A drawing of a Black fist raised and gripping a red, green, and yellow ribbon, with "BLACK HISTORY MONTH" written to the right of it atop a red, green, yellow, and black background.
Credit: Freepik
"Black Resistance" is the theme of the 2023 Black History Month, a nationally recognized month for nearly five decades with a history much older than that.

What is Black History Month and why do we celebrate it?

The month has been nationally recognized for nearly five decades, but its history spans over a century. This year’s theme is “Black Resistance.”
Audio file




Black History Month 2023 opened Feb. 1 at Cleveland State University, recognizing Black History and amplifying Black voices with the theme of "Black Resistance."

Students, staff and faculty at CSU can take part in activities and events being held on campus throughout the month of February (see below for a partial list).

The origins of Black History Month

Black History Month as a national celebration every February started in 1976 when President Gerald Ford instituted the tradition.

We can seize the opportunity to honor the too-often neglected accomplishments of Black Americans in every area of endeavor throughout our history,” Ford said in his message on the observance of Black History Month.

But the movement to honor Black contributions to the founding, development and success of this country has a much longer history, a history that confronts and defies the racism that continues to define the United States in so many ways.

The origins of what Ford recognized decades later as Black History Month can be traced to September 1915 when historian Carter G. Woodson, Ph.D. and Rev. Jesse E. Moorland founded the Association for the Study of Negro Life and History (ASNLH), known today as the Association for the Study of African American Life and History (ASALH). The organization sponsored a Negro History Week in 1926 on the second week of February – which marked the birthdays of both activist Frederick Douglass and President Abraham Lincoln – encouraging schools, colleges and communities to teach and celebrate Black history and achievements.

Carter G. Woodson, left, and Rev. Jesse Moorland

Carter G. Woodson, Ph.D., left, and Rev. Jesse Moorland (credit: African American Registry®)

Before it was embraced by the public, schools started recognizing Negro History Week by incorporating it into their curriculum and Woodson soon began providing themes and teaching materials for the week-long celebrations. 

As more and more people began to recognize it, what started as a week-long celebration eventually grew into the month-long one we know today. While it was not yet officially celebrated on a national level, the first recorded official month-long celebration of Black History was at Ohio's Kent State University in February 1970. 

Then, on Feb. 10, 1976, President Ford recognized February as Black History Month.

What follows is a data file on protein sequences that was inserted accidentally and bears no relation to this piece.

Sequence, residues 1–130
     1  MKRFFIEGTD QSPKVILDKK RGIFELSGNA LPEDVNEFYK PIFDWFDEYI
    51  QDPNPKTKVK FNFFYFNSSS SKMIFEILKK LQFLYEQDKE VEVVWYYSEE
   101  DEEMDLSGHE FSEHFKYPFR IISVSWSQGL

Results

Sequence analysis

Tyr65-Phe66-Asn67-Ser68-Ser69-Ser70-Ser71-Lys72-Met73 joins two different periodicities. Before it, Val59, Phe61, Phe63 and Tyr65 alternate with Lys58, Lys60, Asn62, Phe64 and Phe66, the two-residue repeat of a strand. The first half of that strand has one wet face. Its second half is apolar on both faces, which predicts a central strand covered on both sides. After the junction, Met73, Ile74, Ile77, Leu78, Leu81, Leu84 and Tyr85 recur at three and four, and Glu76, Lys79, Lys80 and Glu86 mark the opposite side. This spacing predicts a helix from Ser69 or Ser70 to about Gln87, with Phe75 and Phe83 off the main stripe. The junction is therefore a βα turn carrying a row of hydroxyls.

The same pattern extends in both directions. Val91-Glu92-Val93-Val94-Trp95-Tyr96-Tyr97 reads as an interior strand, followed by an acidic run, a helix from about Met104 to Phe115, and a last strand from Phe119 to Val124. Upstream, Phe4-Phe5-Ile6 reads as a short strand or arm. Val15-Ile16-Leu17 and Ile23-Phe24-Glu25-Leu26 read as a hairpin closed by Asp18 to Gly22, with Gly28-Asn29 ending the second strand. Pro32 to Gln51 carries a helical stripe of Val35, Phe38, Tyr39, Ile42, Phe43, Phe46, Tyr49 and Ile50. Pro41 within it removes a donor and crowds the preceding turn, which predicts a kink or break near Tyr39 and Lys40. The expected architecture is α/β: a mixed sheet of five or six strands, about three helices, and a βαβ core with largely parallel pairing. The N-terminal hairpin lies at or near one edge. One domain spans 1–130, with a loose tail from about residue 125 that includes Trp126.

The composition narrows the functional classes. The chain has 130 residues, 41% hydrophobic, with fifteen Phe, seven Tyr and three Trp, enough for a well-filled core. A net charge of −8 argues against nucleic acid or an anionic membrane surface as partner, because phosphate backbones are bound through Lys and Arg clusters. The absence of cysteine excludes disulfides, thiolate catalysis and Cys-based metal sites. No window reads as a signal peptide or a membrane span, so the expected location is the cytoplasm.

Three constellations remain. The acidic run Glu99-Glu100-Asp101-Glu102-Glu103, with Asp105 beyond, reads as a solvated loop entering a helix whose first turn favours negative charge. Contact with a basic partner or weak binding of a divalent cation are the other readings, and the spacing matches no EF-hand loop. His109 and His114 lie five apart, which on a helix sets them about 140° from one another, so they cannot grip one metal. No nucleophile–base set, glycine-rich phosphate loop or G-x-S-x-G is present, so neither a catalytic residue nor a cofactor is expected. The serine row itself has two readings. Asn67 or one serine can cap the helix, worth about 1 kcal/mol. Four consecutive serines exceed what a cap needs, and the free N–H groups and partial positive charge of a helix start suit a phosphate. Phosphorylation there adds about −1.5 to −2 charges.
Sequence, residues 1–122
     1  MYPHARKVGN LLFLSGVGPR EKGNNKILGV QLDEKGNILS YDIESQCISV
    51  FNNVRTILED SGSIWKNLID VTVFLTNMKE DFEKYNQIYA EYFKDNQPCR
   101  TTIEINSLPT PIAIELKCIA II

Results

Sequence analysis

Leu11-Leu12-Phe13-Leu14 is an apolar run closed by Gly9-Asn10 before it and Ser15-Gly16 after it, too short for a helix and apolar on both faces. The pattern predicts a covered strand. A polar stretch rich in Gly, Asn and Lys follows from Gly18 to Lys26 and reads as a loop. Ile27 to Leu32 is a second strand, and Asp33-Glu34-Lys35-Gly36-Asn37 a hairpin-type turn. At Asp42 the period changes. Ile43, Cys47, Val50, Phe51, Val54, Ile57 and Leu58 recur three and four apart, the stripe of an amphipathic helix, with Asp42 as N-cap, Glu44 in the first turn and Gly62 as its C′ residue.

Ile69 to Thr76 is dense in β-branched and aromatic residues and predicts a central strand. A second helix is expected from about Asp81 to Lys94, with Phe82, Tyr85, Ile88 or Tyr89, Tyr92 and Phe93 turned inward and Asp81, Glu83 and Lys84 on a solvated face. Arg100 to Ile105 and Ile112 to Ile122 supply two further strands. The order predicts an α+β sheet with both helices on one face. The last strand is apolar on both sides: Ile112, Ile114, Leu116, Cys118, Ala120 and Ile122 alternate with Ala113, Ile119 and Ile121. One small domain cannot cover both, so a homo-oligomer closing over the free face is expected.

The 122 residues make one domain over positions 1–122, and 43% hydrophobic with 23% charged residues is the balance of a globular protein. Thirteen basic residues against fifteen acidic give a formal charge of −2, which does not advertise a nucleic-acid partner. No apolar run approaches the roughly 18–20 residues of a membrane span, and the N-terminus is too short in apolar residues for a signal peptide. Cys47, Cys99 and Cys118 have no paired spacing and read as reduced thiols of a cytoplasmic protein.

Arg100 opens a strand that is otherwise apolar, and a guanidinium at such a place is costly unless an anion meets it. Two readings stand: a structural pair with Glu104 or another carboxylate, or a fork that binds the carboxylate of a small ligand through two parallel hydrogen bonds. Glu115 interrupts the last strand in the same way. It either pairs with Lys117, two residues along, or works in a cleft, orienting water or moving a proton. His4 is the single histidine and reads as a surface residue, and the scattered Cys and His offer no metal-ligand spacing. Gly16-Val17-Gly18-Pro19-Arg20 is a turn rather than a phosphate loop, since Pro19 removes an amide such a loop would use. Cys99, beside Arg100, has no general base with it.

Ten years later, in 1986, Congress passed Public Law 99-244, which officially designated February as National Black History Month. President Ronald Reagan expanded on the purpose of Black History Month with Proclamation 5443, stating that the “foremost purpose of Black History Month is to make all Americans aware of this struggle for freedom and equal opportunity.” 

The United States isn’t the only country that celebrates Black History Month. The Canadian government recognized February as Black History Month in 1995 and the United Kingdom has celebrated October as Black History Month since 1987.

Since 1976, the ASALH has chosen a theme to commemorate each Black History Month. In 1976, the theme was “America for All Americans” and some past themes include “Black Business” in 1998 and “Black Women in American Culture and History” in 2012.

The theme for Black History Month 2023 is “Black Resistance.”

It honors Rev. Henry Highland Garnett, a former slave and revered abolitionist, who began the closing portion of his speech at the National Negro Convention in 1843 with the quote that inspired this year’s theme:

“Let your motto be resistance! Resistance! Resistance! No oppressed people have ever secured their liberty without resistance.”

CSU celebrates Black Resistance

CSU is hosting numerous events that celebrate Black History Month. They include:

  • “Love and Unity” which will run from 10. a.m. to 2 p.m. on Tuesday, Feb. 14 in the Student Center Atrium. The event will feature a DJ, food and discussions about Black love and American hip-hop.
  • Students can attend a mixer in the Diamond Room at the City Club on Tuesday, Feb. 14, from 4 p.m. to 6 p.m. The social event is free, but an RSVP is required. Reservations can be made by calling 216-687-9394.
  • “Black History Trivia and Board Games” on Thursday, Feb. 16 starts at 11 a.m. in the Howard A. Mims African American Cultural Center, Berkman Hall room 137. 
  • “Duty of Defiance – Movement Lawyering in the Era of Dobbs” will be held Feb. 16 in the CSU College of Law’s Moot Court Room at 5 p.m. The discussion will focus on movement lawyering with an emphasis on the ongoing abortion crisis and how it will disproportionately affect women of color.
  • “Project 400 Conference: Our Bodies, Our Minds, Our Communities – Physical, Emotional, and Environmental Impacts of Racism,” a conference that will discuss contemporary challenges faced by African Americans, will be held in the Roberta Steinbacher Atrium in the Levin College of Public Affairs and Education and via Zoom on Friday, Feb. 24 and Saturday, Feb. 25. A $10 registration fee is required, and more info can be found on CSU’s website.
  • CSU’s Viking Food Co. has been celebrating and will continue to celebrate Black culinary excellence by featuring its Black culinary experts.

For information on Black History Month events happening off campus, students can visit